The mighty human species (what a pass!)
Brought to its knees by stalks of hairy grass
And when you think about it (use your loaf)
Which is the genius and which the oaf:
– Smug golden acres waving as they grow?
– Or we who make the earth a place of woe?”
– Hugh Mitchell, from The Wheat Shall Inherit…
La Plata – The Turkish have their Buğday Çorbasi, the Saudis their Shorobat Il-Jereesh and the Jordanians their Shourbat Freekeh, and the Yemenis, Shorba Burr. From Cyprus, Tarhana; Algeria, Jary; Zanzibar, Shorba; India, Alisa, Poland, Zur, Armenia, Madzoon Abour, and Iran, or Persia, Aash-e Gandom. I could probably keep going, but by the time I was done, I’d have forgotten what I was writing about, and probably put all the celiacs into anaphylactic shock. Because what do these all have in common? They’re wheat based soups. What brought all this on? Monday.
Why Monday? It’s a day in the northwest of Peru, originally from the mountain region, though in modern day centered around the coastal city of Trujillo, when, week in and week out, local cooks prepare a dish called Shambar. It’s a pork and wheat soup, very thick, very hearty, and the reasons behind the Monday only tradition are pretty much lost to time. It’s generally assumed that, being the first day of the work week, it was a way of providing plenty of nutrition to start the week. But that assumes that back in antiquity, in the indigenous cultures, Sunday was somehow a day of rest, if there even was one, as it became after the arrival of the conquistadors. That’s unlikely, unless the day of rest just happened to coincide, and this tradition is reputed to go back well before the Spaniards arrived. Something to explore when we’re in the Trujillo area next month – we’ve planned a three week “jaunt” to Peru in February – look for some interesting food stuff, as we’re focusing on areas where we can really experience some indigenous dining. I’m even trying to teach myself some basic Quechua and Aymara just to help break the ice…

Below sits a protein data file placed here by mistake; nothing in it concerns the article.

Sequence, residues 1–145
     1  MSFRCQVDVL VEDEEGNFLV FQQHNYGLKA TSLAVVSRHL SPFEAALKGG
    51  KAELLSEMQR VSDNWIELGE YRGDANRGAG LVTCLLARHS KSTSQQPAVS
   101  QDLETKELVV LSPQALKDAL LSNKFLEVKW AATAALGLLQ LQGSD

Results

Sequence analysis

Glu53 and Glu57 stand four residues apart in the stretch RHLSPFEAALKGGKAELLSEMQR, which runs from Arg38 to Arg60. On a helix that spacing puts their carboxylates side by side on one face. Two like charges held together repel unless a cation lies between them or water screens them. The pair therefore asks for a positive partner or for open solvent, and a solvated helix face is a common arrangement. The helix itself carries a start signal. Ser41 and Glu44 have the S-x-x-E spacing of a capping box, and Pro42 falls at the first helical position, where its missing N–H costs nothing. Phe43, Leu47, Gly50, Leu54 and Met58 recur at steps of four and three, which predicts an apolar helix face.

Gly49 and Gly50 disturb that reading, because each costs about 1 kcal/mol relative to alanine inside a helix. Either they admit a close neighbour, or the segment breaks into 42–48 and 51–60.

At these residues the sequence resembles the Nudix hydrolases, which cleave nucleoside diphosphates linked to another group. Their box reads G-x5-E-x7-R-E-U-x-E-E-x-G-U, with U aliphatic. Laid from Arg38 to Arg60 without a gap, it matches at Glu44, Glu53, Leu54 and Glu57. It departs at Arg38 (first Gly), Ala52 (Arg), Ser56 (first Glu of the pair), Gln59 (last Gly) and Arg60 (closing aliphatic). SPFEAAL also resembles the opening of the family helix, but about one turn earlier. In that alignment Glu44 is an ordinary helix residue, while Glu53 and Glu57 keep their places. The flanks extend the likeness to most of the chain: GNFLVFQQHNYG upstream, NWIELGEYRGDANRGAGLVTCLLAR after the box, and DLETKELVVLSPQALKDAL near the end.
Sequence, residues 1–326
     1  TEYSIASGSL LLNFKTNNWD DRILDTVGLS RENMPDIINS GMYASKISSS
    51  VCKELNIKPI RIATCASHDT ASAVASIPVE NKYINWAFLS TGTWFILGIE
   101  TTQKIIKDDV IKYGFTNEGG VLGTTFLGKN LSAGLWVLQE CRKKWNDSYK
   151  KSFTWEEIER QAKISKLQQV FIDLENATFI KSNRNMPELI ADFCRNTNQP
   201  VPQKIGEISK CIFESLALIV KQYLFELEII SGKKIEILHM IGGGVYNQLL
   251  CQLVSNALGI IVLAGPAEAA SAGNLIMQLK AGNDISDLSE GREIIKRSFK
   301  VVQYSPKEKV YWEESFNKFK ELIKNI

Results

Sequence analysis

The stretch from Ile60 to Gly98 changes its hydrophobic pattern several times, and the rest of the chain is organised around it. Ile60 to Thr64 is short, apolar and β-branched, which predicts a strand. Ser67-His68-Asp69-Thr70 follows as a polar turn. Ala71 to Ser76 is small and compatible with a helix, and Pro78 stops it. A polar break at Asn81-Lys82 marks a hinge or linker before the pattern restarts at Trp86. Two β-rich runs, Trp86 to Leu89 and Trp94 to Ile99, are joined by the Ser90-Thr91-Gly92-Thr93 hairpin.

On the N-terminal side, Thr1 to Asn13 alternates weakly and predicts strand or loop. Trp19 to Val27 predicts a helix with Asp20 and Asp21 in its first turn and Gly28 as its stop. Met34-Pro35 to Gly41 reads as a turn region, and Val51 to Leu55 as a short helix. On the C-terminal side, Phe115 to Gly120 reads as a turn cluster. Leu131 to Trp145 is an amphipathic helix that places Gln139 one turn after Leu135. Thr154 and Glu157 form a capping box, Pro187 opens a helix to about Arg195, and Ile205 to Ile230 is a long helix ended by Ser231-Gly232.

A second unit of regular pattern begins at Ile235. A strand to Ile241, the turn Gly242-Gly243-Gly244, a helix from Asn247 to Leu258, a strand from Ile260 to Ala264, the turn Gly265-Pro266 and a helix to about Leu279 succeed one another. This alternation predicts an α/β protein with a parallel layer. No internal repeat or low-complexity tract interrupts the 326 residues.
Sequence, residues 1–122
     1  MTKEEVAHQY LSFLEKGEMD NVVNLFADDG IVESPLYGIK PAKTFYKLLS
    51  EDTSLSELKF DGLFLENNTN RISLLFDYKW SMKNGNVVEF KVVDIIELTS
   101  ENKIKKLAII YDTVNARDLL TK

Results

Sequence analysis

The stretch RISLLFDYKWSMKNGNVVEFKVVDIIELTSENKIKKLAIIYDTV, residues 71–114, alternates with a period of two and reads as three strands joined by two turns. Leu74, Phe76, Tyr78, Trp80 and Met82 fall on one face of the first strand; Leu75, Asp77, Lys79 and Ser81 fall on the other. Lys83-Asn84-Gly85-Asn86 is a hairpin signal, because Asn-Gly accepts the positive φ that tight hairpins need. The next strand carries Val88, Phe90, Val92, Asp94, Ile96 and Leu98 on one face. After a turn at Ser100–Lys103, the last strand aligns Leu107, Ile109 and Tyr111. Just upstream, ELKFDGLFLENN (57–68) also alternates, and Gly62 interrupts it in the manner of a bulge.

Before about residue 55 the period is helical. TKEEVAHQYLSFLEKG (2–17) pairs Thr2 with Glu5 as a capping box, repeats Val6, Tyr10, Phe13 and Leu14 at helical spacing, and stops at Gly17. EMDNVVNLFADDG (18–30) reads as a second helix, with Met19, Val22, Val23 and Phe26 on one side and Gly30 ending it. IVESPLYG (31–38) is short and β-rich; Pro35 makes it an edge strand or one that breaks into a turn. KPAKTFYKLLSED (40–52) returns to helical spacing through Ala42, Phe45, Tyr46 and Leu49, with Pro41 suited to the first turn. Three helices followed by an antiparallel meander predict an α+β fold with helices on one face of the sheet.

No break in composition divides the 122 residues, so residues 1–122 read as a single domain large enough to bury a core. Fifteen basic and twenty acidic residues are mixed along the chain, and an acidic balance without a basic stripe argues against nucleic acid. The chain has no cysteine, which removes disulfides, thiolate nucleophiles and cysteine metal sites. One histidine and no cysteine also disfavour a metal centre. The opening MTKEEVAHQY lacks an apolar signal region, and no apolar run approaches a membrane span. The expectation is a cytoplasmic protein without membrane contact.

But Monday found ourselves on a visit to La Plata, where a friend of ours, Javier Armas, runs a small casa de comida, Corazón Serrano, Calle 43, #389 – more or less a restaurant de puertas cerradas, but open at lunchtime, and far more casual [Closed in 2013, unfortunately, our friend Javier passed away]. Local peruvians drop by, pretty much help themselves to whatever the plate(s) of the day is, grab a seat wherever they can find one, eat, pay, and leave – or in the case of quite a few, while away the afternoon sucking down beer after beer… during our hour eating lunch, the three guys next to us put away eight, yes, eight liters of beer, and showed no signs of slowing down. Monday is Shambar day, and Javier, the owner of the house, and the cocinero, had a huge pot of if bubbling away on the stove (the other choices were ceviche and a leg of chicken atop a plate of rice).
Shambar is based on a type of wheat called trigo shambar, or trigo resbalado, which as best I can determine is a wheat berry that’s been milled to remove the husk, and then soaked to puff it up a bit, and then dried. In addition, a variety of legumes – different beans, chickpeas, sometimes corn, are added, along with some sort of smoked pork (in this case, smoked pigs’ feet), and a section of pig-skin. I have to admit, the skin wasn’t all that appealing, I tried it, but it was pretty much just a fatty, gelatinous sheet, a couple of inches square, with some hair on it; the pig’s foot was slightly better, a little smoky, and actually had some meat hidden away on it. But mostly, they seem to add flavor to the soup, though some folks, Henry included, pretty much strip away everything down to the bone – skin, fat, cartilage, and meat. Me, I tried them, but focused on the soup itself, which is absolutely delicious. It’s seasoned with the herbs yerba buena and cilantro, and, well, we returned later in the afternoon after a bit of an outing to the riverbank to have another bowl or two…
I haven’t yet tried making it, but there are numerous recipes online for it, including a relatively easy one on the site Yanuq, where I often look for good interpretations of Peruvian recipes.